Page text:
After numerous Academy members have registered complaints about rule changes for membership, a post-mortem seems inevitable at Tuesday night’s board meeting. But changes to categories or other areas are unlikely: The agenda is procedural and “business as usual,” sources told Variety.
The changes were passed unanimously Jan. 21 and several board members, speaking to Variety under confidentiality, expressed enthusiasm for the results, despite complaints from non-board members.
One subject that could be on the agenda is how to implement membership changes. AMPAS has a policy of not revealing board meeting agendas, but discussion of changes to Oscar categories (e.g., the return to 10 best pictures) is not scheduled. The meeting had been set long ago to discuss other Academy business before the emergency meeting last week to discuss the fast-growing diversity controversy.
Many members of the Academy Motion Picture Arts & Sciences are hurt by what they perceive as accusations of racism and confused by the new rules. Some didn’t want to go on the record, citing the mocking of Michael Caine and Charlotte Rampling, or worrying about reprisal from potential employers, or from the Academy itself. “Frankly, I don’t want to lose my Oscar tickets,” said one.
The most vocal objections were from actors over the age of 50, who risk losing voting privileges if they haven’t worked consistently. One actress said, “It’s hard enough getting a job after 40. Now there’s even more pressure.” While TV provides occasional work, “movie jobs have dried up” for her demographic.
The Academy issued a FAQ seeking to clear up confusion about rule changes, but they were little comfort to members who feel the inevitable elimination of many voters is unfair. “Is this a purge?” asked one below-the-line worker. “I don’t quite understand the wording,” he said, questioning whether the new rules will exclude him or his friends.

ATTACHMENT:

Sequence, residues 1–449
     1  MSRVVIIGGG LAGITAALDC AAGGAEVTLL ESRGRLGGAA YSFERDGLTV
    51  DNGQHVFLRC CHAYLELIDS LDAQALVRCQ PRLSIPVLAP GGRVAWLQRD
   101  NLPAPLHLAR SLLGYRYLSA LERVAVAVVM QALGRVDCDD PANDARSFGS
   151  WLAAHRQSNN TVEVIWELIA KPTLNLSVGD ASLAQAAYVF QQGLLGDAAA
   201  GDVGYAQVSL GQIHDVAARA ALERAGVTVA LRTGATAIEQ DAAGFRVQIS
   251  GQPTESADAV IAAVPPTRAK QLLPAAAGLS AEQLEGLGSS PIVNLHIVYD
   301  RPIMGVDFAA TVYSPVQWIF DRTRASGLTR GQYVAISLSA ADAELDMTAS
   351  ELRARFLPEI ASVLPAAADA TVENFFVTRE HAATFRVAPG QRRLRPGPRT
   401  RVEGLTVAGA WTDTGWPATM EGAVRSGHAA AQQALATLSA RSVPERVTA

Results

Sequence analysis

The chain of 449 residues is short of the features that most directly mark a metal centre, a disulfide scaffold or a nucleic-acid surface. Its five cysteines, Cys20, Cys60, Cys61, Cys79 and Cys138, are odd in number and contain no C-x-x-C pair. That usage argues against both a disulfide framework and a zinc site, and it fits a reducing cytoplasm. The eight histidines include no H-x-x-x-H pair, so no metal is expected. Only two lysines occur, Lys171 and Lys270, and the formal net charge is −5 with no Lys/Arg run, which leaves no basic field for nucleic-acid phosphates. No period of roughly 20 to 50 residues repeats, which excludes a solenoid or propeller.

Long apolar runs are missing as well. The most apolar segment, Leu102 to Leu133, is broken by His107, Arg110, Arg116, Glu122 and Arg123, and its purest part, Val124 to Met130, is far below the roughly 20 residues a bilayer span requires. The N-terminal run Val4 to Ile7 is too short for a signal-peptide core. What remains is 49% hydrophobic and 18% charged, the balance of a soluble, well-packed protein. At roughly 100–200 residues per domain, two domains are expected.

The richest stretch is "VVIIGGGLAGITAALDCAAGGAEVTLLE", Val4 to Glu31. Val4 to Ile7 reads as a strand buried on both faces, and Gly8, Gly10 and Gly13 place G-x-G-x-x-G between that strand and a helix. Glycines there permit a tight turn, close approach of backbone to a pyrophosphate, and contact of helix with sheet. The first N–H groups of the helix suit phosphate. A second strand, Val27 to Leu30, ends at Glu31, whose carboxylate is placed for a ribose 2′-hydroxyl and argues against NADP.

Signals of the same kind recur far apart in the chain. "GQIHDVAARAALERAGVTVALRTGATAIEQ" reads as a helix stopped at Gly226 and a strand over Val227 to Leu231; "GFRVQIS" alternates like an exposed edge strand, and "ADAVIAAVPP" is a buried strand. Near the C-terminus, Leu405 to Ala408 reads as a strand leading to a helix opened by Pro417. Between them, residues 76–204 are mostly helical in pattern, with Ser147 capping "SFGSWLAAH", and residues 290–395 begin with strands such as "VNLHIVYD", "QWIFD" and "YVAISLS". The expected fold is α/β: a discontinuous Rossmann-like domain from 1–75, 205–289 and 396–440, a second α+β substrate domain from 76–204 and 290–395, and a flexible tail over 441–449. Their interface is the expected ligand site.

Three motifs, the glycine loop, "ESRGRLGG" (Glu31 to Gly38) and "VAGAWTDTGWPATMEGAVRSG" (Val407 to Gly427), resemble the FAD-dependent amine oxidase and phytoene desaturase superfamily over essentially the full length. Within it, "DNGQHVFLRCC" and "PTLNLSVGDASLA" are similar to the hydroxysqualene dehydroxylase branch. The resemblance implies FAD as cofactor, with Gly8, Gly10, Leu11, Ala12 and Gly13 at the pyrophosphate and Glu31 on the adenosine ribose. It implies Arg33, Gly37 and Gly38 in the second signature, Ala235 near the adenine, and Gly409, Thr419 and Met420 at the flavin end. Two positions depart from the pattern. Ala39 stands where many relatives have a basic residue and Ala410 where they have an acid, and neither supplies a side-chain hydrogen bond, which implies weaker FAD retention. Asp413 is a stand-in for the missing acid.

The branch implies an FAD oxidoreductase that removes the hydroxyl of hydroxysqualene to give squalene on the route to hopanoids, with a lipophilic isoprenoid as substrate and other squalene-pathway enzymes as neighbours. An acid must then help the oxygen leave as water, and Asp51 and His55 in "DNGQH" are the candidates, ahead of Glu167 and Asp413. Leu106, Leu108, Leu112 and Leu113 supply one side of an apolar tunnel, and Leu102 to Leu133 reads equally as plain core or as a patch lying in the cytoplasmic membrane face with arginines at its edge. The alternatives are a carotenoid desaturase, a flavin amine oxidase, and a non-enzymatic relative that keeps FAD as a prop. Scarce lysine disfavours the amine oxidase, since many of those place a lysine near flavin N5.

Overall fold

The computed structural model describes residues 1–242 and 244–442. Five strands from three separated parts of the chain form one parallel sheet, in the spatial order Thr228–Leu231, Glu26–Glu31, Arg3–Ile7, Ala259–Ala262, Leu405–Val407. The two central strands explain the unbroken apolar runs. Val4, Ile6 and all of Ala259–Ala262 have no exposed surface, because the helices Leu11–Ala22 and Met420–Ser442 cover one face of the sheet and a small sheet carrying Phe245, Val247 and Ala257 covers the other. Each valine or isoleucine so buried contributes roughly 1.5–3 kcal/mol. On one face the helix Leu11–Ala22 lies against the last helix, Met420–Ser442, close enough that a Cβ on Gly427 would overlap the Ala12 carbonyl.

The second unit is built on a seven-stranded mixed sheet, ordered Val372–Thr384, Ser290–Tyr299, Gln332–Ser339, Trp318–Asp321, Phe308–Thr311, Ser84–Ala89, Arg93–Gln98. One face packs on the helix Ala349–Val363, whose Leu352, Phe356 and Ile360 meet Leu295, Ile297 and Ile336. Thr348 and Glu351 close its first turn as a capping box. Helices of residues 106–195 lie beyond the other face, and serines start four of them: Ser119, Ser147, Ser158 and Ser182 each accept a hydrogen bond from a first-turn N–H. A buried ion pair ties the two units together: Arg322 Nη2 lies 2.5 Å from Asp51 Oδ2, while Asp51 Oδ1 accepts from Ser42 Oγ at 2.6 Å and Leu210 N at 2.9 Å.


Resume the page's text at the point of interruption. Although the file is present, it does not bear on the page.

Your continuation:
In addition to opening up Academy membership to a more diverse pool of voters, some have recommended the Academy make further changes such as a return to the 10-contender best picture race, on the assumption that “Straight Outta Compton” or “Creed” could have made the cut. Any alterations to categories for the 2017 Oscars would likely follow the usual procedure: exploration by a committee, recommendations to the board, and then a vote in the summer.
Multiple higher-ups at the Academy, including board members, told Variety they are sympathetic to the pain of individual members, but feel anger is inevitable with a major change. “These changes are long overdue,” said one, “and we’ve been discussing them for a long time. We didn’t rush into anything. When most members digest these changes, we think they will be very supportive.”
It’s still unclear how many of the Academy’s 6,261 voters will be affected. When the Academy overhauled its membership in April 1970, Variety Archives reported that 497 out of 3,437 voters were affected, or 14%.
One mid-level studio exec told Variety, “I applaud the Academy for taking swift action. I’m sure members are frustrated they weren’t consulted, but we’ve been talking about this (diversity) for 50 years. The last thing we need is another discussion. We needed action.”